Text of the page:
• 4 weeks ago
          Anonymous

          I think rod stock aluminum is already available so I think I could use something off the shelf although it needs to be perfectly straight. Thats good advice though, thank you.

  5. 4 weeks ago
    Anonymous

    Here's a timelapse of a glassblower making a cup on a GL100 for those who might be interested:

  6. 4 weeks ago
    Anonymous

    What about hex stock instead of a splined shaft? A piece of 4140 hex wouldnt set you back too much.

    • 4 weeks ago
      Anonymous

      Dammit I opened this thread up a while back and didn't refresh it before posting

      Could you use hex shaft or keyed shaft instead of splined shaft? If you used hex shaft you could use a socket that slips over it as a center hub for a gear that would slide along the shaft to power your head and tail stocks...

      Great minds think alike.

  7. 4 weeks ago
    Anonymous

    Could you use hex shaft or keyed shaft instead of splined shaft? If you used hex shaft you could use a socket that slips over it as a center hub for a gear that would slide along the shaft to power your head and tail stocks...

    • 4 weeks ago
      Anonymous

      I thought of that too but with a square shaft. I'm hesitant because there are dozens of lathe designs out there from several manufacturers and they all use splined shafts, all of them. It seems like a idea that could and should work but why has no one ever done it that way? I will think about it because I agree it *should* work but maybe there's accelerated wear or lash problems or something. Thanks.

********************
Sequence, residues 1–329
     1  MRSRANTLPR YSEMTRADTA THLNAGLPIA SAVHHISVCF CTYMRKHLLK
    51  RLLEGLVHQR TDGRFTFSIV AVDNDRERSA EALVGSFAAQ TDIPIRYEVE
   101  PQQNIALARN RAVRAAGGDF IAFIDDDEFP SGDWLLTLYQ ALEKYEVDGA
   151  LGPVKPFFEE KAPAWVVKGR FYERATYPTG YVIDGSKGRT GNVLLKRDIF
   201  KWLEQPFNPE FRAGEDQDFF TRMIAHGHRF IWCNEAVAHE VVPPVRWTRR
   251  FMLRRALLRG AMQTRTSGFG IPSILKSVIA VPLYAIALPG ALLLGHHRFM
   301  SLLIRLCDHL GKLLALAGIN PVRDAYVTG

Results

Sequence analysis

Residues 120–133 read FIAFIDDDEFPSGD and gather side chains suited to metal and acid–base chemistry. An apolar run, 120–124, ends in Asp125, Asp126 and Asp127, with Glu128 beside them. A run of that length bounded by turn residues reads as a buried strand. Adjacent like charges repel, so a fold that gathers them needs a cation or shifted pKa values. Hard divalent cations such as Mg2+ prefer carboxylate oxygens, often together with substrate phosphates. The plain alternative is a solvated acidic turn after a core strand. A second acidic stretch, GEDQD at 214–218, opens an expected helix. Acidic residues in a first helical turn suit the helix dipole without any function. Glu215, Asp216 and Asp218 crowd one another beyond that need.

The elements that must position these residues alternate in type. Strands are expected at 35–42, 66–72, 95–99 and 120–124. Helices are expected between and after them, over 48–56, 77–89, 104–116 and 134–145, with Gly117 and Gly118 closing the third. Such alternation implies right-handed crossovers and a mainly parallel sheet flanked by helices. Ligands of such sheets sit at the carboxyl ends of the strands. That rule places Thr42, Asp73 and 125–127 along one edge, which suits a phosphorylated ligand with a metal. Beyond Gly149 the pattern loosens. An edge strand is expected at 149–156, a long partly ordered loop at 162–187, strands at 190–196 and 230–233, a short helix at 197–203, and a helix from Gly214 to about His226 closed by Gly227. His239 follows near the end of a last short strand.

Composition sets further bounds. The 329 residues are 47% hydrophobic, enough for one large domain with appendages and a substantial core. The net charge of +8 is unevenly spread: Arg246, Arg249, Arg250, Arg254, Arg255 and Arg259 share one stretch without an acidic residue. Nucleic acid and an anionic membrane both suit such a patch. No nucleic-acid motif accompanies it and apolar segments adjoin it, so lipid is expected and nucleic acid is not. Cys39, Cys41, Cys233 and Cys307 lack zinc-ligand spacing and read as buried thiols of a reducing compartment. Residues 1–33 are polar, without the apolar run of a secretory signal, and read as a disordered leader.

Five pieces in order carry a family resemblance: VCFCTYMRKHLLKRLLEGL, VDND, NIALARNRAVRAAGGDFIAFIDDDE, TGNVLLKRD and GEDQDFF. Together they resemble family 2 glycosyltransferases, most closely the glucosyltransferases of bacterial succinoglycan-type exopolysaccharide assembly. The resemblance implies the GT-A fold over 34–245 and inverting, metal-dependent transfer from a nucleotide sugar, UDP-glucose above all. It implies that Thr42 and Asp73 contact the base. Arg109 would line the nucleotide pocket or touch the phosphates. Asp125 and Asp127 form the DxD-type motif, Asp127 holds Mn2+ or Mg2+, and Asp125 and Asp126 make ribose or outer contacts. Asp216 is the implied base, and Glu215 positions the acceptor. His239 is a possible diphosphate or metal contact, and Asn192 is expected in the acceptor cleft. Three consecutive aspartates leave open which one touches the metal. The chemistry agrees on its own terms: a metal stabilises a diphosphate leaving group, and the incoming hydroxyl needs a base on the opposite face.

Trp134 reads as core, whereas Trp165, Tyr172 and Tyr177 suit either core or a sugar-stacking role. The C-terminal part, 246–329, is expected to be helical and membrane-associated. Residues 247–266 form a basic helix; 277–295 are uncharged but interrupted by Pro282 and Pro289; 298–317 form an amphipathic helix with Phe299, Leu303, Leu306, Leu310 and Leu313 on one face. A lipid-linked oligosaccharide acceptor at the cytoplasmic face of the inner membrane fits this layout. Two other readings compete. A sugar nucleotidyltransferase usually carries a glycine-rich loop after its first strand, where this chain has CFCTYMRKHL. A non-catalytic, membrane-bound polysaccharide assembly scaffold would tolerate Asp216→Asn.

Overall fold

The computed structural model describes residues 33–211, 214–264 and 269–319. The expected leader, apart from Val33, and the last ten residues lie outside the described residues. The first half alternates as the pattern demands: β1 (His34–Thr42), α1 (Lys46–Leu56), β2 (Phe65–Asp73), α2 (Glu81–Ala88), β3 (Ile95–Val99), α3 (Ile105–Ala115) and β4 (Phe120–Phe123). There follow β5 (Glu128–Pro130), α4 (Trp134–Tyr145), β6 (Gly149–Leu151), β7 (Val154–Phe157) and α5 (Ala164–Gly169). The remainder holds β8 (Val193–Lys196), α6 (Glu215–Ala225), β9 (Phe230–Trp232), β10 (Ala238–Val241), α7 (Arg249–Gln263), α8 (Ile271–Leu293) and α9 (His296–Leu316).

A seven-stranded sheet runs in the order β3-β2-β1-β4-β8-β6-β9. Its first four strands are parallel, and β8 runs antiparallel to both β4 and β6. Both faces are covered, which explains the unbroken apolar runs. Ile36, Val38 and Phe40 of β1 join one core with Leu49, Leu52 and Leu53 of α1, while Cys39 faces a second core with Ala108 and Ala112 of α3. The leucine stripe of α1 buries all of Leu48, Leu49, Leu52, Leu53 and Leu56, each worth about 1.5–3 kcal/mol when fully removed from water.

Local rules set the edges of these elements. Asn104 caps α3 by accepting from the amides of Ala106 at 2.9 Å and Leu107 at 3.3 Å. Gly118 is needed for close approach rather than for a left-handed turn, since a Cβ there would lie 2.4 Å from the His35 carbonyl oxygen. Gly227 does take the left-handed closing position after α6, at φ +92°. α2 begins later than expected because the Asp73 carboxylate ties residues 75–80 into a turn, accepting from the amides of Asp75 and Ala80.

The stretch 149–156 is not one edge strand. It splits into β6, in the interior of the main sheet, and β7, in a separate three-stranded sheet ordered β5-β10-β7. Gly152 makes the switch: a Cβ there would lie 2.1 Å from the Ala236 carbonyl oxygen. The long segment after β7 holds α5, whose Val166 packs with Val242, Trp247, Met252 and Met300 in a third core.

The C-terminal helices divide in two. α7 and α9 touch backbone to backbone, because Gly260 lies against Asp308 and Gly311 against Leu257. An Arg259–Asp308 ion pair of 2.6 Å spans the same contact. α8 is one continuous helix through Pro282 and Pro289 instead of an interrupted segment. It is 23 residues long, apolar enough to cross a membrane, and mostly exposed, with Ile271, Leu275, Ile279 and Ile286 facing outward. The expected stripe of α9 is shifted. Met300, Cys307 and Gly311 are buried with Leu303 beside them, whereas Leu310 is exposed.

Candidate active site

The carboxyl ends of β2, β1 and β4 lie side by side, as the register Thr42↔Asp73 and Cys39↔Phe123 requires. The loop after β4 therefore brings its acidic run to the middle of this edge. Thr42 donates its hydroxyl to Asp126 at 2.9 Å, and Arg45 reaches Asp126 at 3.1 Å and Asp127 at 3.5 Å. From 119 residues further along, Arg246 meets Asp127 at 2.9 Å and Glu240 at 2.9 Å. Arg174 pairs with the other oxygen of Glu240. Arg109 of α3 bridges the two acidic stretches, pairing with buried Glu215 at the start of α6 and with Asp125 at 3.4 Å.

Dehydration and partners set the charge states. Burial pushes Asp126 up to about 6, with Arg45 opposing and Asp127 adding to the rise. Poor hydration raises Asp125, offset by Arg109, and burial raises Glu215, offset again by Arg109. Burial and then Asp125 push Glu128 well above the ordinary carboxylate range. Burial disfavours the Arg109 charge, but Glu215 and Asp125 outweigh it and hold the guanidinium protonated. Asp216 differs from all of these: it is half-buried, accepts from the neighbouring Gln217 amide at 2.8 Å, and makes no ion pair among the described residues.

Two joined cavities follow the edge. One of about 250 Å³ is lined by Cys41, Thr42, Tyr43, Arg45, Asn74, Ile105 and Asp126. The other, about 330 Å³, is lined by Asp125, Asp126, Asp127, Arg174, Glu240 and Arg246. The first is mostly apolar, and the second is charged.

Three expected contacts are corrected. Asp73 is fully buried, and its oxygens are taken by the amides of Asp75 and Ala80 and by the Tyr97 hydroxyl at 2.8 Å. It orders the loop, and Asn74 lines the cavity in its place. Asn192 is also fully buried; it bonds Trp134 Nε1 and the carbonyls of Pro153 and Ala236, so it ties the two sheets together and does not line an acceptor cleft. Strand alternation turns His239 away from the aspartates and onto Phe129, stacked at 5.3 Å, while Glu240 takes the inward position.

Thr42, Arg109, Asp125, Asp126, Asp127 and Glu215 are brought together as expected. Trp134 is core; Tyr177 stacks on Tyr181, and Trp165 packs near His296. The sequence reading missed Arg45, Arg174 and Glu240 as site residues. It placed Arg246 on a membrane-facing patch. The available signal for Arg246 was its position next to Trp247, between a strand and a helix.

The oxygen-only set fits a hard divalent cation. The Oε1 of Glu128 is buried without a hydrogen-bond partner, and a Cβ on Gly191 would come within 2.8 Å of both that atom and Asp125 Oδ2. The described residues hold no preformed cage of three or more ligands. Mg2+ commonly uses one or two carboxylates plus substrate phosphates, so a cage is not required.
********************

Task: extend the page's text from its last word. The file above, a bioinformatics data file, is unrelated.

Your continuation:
8. 4 weeks ago
    Anonymous

    I would guess that a splined shaft give the best combination of linear and rotary motion. I would be a hex or even square would work though.

    What kind of rpms and distances are we talking here?

    • 4 weeks ago
      Anonymous

      RPMs max 120 I think. They don't need to spin that fast. I would like 4 feet between chucks but I think 3.33 ft would be fine and would account for the offsets of the head/tail stock if a 4 foot driveshaft was acquired.

      I've been thinking hard about the points made here and diving deep into internet research. My mcmaster.com searches were dissapointing, not a whole lot of applicable parts and man they are expensive. Then I thought about the dual servo idea and researched servos and position sensors to keep them absolutely aligned. Turns out there are large servos with onboard sensors, the website claims accuracy to one nanometer (doubt) and they are also expensive at $500 each for the ones I looked at. I shot the company a exploratory email since they require a proprietary driver and asked about exactly syncing 2 motors. I'll see what response I get. They claimed 560 inch lbs. torque which I divided by 16 to get 37 ft.lbs. I am unsure if this is sufficient as I don't really have a handle on how much that is really combined with all the possible gearing that could happen. I understand there will be math but I don't know how to calculate it and it seems very early in the process to worry about it anyways.